Robert Pinsky and david lang: Poetry/ Music Project
Published: October 10th, 2014
This project was inspired by the similarities between poetry and music. Both art forms are emotional expressions of the human spirit with much in common. Poetry can be written with a lyrical feel to the cadence and rhythm such as in former US Poet Laureate Robert Pinsky’s work. Music can transport us and carry our emotions through the various movements such as with the songs created by Pulitzer Prize winning composer David Lang.
Below, we asked the same basic questions to both artists - Robert Pinsky and David Lang - to get their takes on the influences of both creative genres to each other. Read the similarities as well as what makes them unique. And most importantly, treasure the human spirit’s ability to create out of nothing something beautiful for its own sake.
Howl: How can diction and syntax affect the cadence and flow of the poetry to give it the particular “feel” or tone you wish to convey on an emotional level?
Pinsky: Writing a poem involves something like singing or dancing: the vowels and consonants, the pitches and rhythms, come from your body, in a kind of intuitive, yet practiced partnership with your feelings.
Howl: Considering that poetry is meant to be read aloud and heard, how do you, the poet who has never met the other readers or had them hear you recite your work, influence the way they read the poem the way you want it heard?
Pinsky: The art of the poet is to arrange the vowels, consonants, sentence-sounds, rhythms so that they will be expressive in any reader’s voice. The videos at www.favoritepoem.org demonstrate this, I think: Pov Chin doesn’t read “Minstrel Man” exactly as Langston Hughes might read that poem. The same is true of Steve Conte-Agueros and Yeats, or Seph Rodney and Plath. But those three readers do honor the sounds built into those poems by those poets.
Howl: Songs can essentially be poetry set to music, so how do you see people's appreciation (or lack thereof) of poetry affecting the music being made and listened to in the 21st century and do you think music can help promote poetry?
Pinsky: Sometimes a poem is also a good song. Sometimes a song is a good poem. Poetry and music, both, seem to me fundamental, large and essential in ways that put them above “promotion.” These are basic, enduring human arts— not brands of soap!
My conviction is that humans will always make and respond to art. The forms that take vary, mutate, evolve and devolve in ways that are beyond my ken.
Howl: How can musical notes or particular instruments, without lyrics, tell a story to the listeners and how do you, the musician, "tell" it?
Lang: We use language to say things that are specific. Who did what to whom? When and how? Language is very good for facts. But if a story is worth hearing it is because it makes you feel something; it is about how an emotion is created, and how that emotion changes. Music is not so good with facts but it is great for emotions. That is the part of storytelling that music is good at.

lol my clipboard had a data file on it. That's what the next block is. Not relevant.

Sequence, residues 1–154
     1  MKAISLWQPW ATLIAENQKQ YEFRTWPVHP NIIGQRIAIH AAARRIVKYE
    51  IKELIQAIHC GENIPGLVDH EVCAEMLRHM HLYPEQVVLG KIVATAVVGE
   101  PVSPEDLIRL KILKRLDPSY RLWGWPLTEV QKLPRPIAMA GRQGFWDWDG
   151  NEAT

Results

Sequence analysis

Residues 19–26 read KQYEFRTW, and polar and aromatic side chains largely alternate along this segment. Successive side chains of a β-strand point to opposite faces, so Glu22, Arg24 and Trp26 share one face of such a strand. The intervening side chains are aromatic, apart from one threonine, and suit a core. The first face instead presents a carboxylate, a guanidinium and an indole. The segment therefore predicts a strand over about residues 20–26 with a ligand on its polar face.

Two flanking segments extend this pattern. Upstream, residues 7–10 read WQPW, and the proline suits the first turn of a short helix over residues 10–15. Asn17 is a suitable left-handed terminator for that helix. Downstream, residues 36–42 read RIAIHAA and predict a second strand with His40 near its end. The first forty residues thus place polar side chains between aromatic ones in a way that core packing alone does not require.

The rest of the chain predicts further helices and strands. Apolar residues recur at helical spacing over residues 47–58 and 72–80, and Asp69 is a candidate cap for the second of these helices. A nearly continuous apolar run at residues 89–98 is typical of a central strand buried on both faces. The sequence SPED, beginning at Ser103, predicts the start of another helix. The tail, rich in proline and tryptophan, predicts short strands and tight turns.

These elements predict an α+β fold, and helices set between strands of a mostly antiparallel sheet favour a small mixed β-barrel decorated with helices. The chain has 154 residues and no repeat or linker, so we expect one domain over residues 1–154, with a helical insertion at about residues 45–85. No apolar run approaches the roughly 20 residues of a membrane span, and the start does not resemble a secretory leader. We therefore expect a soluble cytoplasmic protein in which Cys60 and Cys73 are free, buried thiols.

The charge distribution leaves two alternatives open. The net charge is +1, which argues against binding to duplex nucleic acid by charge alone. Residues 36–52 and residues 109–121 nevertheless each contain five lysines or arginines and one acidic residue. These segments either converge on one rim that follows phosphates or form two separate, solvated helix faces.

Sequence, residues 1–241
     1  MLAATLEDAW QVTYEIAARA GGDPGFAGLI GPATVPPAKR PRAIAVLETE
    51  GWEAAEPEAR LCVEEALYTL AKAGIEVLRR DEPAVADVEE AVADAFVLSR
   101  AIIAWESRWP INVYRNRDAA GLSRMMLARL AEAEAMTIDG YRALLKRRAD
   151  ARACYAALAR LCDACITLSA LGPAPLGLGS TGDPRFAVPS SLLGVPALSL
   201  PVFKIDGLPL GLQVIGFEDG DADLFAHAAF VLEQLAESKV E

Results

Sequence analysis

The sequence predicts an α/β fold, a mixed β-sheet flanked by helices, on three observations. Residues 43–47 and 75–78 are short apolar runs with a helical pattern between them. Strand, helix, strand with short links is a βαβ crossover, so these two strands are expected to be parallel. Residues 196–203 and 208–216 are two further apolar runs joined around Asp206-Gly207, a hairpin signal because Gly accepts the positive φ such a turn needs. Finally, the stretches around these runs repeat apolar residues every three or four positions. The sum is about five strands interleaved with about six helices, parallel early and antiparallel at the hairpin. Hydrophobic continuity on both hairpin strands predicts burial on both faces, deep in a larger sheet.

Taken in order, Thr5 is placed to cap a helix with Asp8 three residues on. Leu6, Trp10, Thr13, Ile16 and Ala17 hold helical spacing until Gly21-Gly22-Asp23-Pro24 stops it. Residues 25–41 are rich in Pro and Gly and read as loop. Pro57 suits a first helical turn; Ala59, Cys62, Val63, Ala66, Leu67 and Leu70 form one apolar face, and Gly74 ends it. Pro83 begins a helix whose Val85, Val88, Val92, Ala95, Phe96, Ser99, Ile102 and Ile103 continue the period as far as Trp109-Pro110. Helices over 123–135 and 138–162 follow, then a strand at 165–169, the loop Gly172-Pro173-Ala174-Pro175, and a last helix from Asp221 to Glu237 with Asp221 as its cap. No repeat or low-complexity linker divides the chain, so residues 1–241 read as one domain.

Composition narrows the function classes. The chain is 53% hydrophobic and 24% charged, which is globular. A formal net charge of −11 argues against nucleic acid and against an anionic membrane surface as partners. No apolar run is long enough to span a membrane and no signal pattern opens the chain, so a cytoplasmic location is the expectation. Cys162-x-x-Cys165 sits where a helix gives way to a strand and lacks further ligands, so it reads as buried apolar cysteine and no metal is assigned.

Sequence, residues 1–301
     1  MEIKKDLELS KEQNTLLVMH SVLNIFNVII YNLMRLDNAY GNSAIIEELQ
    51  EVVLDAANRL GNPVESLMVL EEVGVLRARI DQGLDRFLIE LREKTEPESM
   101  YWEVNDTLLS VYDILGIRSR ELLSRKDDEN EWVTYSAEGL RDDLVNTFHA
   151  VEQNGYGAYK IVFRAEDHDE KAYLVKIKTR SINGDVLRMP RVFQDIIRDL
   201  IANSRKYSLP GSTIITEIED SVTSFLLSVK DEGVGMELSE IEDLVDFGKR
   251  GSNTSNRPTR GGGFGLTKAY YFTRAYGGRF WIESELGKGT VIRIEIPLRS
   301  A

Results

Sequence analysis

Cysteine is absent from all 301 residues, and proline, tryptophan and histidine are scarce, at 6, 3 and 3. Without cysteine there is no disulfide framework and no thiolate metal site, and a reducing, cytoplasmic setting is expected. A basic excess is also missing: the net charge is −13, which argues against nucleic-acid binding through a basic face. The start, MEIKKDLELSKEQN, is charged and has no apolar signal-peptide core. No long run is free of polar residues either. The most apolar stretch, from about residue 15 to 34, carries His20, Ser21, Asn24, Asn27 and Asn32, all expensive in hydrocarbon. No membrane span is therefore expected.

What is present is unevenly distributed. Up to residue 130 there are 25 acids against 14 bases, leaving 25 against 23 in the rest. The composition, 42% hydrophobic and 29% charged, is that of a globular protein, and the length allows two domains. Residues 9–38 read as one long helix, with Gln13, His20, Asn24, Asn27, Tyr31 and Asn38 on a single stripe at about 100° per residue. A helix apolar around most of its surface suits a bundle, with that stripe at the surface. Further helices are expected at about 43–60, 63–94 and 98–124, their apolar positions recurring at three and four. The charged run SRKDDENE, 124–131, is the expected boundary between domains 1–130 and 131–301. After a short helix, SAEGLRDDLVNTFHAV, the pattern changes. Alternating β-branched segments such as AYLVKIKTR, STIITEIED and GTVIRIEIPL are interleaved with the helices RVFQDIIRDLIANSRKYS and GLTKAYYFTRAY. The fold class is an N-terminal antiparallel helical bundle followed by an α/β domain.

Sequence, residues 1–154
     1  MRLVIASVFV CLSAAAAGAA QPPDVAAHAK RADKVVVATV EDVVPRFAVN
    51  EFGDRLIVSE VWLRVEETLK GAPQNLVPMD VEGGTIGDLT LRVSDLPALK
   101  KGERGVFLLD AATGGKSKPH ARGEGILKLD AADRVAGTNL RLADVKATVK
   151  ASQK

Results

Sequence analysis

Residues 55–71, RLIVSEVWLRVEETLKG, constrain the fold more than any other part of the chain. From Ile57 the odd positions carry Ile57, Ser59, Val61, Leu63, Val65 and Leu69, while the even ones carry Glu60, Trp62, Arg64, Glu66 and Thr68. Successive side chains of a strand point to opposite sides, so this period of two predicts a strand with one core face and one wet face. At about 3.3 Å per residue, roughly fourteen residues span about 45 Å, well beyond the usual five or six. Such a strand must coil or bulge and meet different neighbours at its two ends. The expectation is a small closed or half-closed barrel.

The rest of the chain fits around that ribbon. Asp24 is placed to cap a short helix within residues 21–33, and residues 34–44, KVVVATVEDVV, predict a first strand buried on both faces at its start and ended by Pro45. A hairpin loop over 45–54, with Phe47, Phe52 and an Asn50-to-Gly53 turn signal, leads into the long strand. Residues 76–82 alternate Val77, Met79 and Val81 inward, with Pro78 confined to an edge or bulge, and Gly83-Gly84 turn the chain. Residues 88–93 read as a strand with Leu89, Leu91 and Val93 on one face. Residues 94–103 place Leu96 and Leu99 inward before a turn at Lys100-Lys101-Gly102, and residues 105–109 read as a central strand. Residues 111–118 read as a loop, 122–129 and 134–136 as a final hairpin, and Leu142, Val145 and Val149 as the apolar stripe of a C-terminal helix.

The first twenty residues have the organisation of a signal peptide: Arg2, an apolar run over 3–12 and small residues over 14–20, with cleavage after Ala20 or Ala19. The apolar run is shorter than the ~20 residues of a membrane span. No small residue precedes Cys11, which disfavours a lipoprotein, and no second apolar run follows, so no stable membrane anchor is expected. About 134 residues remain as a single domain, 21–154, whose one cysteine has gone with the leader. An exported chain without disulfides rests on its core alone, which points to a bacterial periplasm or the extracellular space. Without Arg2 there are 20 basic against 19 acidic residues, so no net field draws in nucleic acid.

Howl: Considering music is both a shared and personal experience, how do you, as a musician, best influence the effect you want the song to have on the listener or is it an entirely subjective experience?
Lang: I think the best way to get a message across to someone else is to be really honest about telling that message to yourself. Everyone's experiences are different so you can't know what people want to hear or how they will hear it, but if you can make something that is truly meaningful to you, chances are it will be meaningful to someone else too.
Howl: Songs can essentially be poetry set to music, so how do you see people's appreciation of (or ever-shifting generational tastes in) music affecting the poetry being written and read in the 21st century and do you think poetry can help promote music?
Lang: Really great poetry doesn't need music. The great poets are already getting a huge amount of meaning by controlling their rhythm, their flow, their ability to use words to project something deeper than words - the great poems don't need music to help add these things. It might be more interesting to think of the things that good music can add to bad poetry - you can check out the song cycle Die Schone Mullerin ('The Pretty Maid of the Mill') by the great 19th century composer Franz Schubert. It is a story about an assistant miller who falls in love with the head miller's daughter, and when she won't go out with him he kills himself. Yuck. It is really bad poetry that needs really great music to make it deep, and that is exactly what Schubert gives it